Higher education policy in Australia has contributed to positive outcomes for equity groups, in terms of facilitating access, participation and completion of university. At the same time, prior research has indicated that labour market outcomes are comparable for graduates from equity groups to their non-equity counterparts. It is unknown, however, whether graduates from disadvantaged backgrounds have equitable outcomes in terms of participation in further study after the completion of their undergraduate degree. Given that research findings indicate superior earnings and positive labour market outcomes for postgraduates, it is of policy interest to examine post-study pathways for disadvantaged individuals, in comparison with their relatively privileged peers.
This study uses data from the 2016 Australian Graduate Outcomes Survey, linked to student administrative records from 19 participating Australian universities, to examine post-degree study and employment outcomes. In particular, the study looks at how equity group membership, undergraduate degree characteristics, and undergraduate academic performance influences post-degree study and employment outcomes.
The results from the multivariate analyses indicate that graduates from a low socioeconomic status (SES) background, or with disability, or from a non-English speaking background (NESB) were less likely to be in employment post-degree, relative to their respective counterparts. The estimated reduced propensity of employment for these groups were rather sizable, and were up to 16 per cent less for NESB graduates. However, in terms of further study post-degree, graduates from all equity groups, with the exception of graduates from regional and remote areas, were around two to five per cent more likely to be in further study after their undergraduate degrees were completed, relative to graduates from non-disadvantaged backgrounds. In addition, academic ability, as proxied by Weighted Average Marks, and undergraduate degree field of study areas were found to be influential on the graduates’ propensity to be in further study or employment.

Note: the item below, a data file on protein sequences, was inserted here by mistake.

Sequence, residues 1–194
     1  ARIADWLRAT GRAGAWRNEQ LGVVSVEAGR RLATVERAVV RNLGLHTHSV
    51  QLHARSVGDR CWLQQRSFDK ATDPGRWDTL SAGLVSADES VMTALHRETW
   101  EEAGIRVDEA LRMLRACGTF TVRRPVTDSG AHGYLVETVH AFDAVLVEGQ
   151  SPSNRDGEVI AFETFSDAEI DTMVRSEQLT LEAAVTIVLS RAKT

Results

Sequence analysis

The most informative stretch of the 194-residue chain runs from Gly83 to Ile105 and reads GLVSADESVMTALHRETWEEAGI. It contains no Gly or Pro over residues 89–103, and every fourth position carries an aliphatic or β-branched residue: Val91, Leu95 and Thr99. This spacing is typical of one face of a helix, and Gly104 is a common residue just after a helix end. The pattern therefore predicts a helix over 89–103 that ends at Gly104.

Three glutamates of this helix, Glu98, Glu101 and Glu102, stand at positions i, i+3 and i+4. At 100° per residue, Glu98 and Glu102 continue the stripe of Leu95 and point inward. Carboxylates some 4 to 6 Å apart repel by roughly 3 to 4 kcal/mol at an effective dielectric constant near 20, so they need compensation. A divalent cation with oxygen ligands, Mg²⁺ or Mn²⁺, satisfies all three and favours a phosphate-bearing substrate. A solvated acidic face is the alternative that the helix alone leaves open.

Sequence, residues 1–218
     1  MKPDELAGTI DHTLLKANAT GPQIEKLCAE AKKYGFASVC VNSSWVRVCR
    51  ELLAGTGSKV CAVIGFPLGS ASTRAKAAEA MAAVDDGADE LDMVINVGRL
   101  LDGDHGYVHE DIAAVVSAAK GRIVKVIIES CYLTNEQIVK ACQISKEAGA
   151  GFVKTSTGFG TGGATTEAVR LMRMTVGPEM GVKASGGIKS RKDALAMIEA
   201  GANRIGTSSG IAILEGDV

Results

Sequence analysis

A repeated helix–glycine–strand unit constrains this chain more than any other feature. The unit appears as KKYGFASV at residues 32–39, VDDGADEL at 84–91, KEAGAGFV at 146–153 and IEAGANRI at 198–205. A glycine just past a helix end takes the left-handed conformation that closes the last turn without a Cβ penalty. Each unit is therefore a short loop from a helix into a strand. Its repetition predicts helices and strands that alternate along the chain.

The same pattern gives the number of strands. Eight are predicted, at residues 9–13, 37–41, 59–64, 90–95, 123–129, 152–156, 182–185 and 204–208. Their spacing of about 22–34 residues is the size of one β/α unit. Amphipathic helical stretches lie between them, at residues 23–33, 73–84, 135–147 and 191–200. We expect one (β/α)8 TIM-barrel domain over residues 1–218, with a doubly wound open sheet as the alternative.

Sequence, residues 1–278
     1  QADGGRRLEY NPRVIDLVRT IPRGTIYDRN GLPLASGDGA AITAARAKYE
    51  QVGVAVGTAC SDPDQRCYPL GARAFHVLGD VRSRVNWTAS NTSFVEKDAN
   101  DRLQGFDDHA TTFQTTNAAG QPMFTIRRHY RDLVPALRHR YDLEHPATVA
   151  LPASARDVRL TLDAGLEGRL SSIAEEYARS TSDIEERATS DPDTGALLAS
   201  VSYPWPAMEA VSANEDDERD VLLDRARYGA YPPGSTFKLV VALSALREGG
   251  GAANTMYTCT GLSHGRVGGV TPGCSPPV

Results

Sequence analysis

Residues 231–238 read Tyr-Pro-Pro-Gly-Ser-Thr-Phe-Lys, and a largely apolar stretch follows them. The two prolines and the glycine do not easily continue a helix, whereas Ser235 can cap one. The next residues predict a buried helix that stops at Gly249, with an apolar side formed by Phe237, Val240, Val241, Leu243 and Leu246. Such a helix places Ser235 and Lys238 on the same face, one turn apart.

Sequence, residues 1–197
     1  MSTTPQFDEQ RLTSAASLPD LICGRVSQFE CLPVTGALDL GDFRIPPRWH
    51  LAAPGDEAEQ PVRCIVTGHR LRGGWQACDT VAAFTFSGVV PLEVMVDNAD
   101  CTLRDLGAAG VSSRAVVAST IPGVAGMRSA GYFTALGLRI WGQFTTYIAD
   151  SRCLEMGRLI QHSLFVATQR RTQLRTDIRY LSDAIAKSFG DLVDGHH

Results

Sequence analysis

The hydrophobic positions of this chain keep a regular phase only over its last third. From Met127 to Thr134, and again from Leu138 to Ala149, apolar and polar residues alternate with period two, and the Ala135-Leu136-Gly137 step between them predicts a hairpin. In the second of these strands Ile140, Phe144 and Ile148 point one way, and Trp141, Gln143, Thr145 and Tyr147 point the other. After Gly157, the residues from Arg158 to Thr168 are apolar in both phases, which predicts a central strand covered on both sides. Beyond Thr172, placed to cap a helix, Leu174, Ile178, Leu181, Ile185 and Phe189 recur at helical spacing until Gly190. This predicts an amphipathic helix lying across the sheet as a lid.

Furthermore, graduates from the equity groups of low SES background, disability and NESB were found to be disadvantaged in labour market outcomes. For example, they were less likely to be in full-time employment, more likely to be mismatched in their jobs if there were employed, and earned less. In particular, graduates from NESB backgrounds were the most disadvantaged in these labour market outcomes.
Despite poor labour market outcomes for the stated equity groups, the findings from this study are encouraging for postgraduate study for students from disadvantaged backgrounds. From the perspective of higher education participation, participation in further study, including postgraduate courses, appear to be accessible for individuals from equity backgrounds. Therefore, more needs to be done from the perspective of ensuring equitable employment outcomes, especially for students from equity backgrounds as they enter employment after post-graduate study.